"I am Pro-Polio."
My heels clicked on the marble floor. Click, echo, quiet. Click, echo, quiet. Click, echo, quiet.
The halls of the Senate building are nothing but white. The marble of the floor, walls, and ceiling seemingly create tunnels of living history. The cracks and bends of the facade seem to whisper the names of the thousands of Americans who have been here before me.
And, I was inside.
American flags, POW flags, and State flags were to my left and right - the only color seen in the halls. And as I passed door after tall, thick door; I noticed each held a greeting, “Please come in.”
Click, echo, quiet. Click, echo, quiet.
I was here on a mission, so I just kept walking. Sweaty with nerves. Flip-flopping stomach. It was my first time.
Before arriving at Capital Hill, I was briefed. The experience and passion of former Congressman Jon Porter was clear. He said,
"You have an easy job today. Tell them what you know, and why you are here. After all, no politician is going to say, ‘No thanks, I’m pro-polio.’”
Those simple instructions could not calm my nerves. I had never been on Capital Hill, and there was palpable political stress in Washington. After all, the city was busy with preparations for the President’s State of Union Address the following day. Fiscal limitations. Entitlements. Division.
I found the Senator’s office. I met the staffer. We sat. We talked. I told her about my patients - my kids in Kansas City who suffered from measles, a vaccine-preventable disease. I wanted the Senator to know how important it was for our KC kids, and the kids of our global family, to continue to have access to life-saving vaccinations.
I was asking for the continuing priority of child health funding as part of Shot@Life, an American vaccine advocacy movement from the UN Foundation.
Vaccines are a cheap, effective, and safe way to protect families from unnecessary suffering and death. Despite potential budget redistributions, the US needs to continue to support international vaccination efforts to eradicate diseases like polio, measles, and pneumonia. Our Senators need to ensure that funding is maintained to global vaccine access since these initiatives are a source of fiscal responsibility, National security, and humanitarian cause.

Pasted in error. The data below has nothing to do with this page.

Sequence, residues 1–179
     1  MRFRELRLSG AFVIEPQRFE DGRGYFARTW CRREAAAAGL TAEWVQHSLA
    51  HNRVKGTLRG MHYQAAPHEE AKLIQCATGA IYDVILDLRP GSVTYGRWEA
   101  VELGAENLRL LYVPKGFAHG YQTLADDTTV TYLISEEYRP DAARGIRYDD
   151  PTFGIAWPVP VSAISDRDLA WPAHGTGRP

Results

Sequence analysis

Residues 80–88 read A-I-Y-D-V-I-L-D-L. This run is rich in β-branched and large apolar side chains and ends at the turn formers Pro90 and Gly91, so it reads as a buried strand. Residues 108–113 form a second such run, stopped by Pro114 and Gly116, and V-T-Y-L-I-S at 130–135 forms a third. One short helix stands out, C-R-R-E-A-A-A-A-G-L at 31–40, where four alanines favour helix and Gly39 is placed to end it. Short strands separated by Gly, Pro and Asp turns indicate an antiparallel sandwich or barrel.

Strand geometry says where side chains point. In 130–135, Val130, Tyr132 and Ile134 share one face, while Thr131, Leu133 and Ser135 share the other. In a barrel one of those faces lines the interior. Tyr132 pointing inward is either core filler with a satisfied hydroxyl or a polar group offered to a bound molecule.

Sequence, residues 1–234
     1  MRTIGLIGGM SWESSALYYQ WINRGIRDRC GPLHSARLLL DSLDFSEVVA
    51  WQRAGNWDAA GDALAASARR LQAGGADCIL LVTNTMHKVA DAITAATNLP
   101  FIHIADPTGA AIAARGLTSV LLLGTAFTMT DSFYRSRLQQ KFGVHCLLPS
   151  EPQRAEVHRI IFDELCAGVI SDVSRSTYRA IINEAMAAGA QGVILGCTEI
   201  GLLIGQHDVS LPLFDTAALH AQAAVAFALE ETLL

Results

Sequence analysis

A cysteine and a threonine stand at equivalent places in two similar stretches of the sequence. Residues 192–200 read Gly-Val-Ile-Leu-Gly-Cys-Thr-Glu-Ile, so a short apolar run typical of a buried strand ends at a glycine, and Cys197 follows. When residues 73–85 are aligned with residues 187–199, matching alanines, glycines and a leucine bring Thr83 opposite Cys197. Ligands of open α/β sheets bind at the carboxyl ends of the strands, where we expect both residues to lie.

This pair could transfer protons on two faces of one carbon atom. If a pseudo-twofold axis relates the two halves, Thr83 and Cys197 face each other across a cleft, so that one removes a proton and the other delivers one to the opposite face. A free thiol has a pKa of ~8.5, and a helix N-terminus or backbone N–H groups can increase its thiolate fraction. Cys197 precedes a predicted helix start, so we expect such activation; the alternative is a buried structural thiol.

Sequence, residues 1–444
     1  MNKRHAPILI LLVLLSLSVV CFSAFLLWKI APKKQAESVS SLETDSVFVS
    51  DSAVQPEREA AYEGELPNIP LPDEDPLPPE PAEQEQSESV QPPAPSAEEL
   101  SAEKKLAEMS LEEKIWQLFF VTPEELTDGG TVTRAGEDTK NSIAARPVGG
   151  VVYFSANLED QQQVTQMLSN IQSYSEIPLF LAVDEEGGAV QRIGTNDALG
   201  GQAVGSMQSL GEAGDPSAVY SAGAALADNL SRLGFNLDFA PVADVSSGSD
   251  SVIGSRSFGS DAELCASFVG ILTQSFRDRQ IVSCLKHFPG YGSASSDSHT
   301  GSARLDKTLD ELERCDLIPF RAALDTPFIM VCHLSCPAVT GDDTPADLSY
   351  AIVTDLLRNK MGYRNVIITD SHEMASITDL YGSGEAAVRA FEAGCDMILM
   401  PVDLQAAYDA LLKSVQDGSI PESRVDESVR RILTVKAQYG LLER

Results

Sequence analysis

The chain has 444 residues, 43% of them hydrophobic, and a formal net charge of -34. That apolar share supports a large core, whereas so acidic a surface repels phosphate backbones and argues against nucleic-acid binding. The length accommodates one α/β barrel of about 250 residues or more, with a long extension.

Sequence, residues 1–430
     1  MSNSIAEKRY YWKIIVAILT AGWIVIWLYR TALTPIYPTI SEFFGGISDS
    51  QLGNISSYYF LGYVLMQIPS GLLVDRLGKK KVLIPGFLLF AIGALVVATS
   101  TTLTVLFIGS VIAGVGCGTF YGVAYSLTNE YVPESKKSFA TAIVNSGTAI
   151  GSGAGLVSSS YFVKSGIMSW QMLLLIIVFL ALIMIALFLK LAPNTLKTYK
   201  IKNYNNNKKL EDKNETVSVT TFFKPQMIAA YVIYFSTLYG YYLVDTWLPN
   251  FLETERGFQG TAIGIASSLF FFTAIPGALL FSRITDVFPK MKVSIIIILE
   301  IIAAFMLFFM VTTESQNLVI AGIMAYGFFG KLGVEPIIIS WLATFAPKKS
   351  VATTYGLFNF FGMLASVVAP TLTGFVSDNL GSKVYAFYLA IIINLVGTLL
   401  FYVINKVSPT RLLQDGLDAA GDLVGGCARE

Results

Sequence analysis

And with continued leadership from the United States, we have the opportunity to put these vaccine-preventable diseases in our rear view mirror.
After our meeting, I proudly left Capital Hill with a new understanding of our power as American citizens. I had a chance to share my passion for the health of children, and my dedication to the families I care for. I felt empowered and energized by being one of many who are part of the movement to give another child a chance to live a full and dynamic life. One of many who values every child, no matter where they live. And one who wants to give every child a shot at the healthy life that they deserve.
“So the United States will join with our allies to eradicate such extreme poverty in the next two decades: by connecting more people to the global economy and empowering women; by giving our young and brightest minds new opportunities to serve and helping communities to feed, power, and educate themselves; by saving the world’s children from preventable deaths; and by realizing the promise of an AIDS-free generation.”
- President Barack Obama, State of the Union address, Feb 12, 2013.
For more information about Shot At Life,visit shotatlife.org.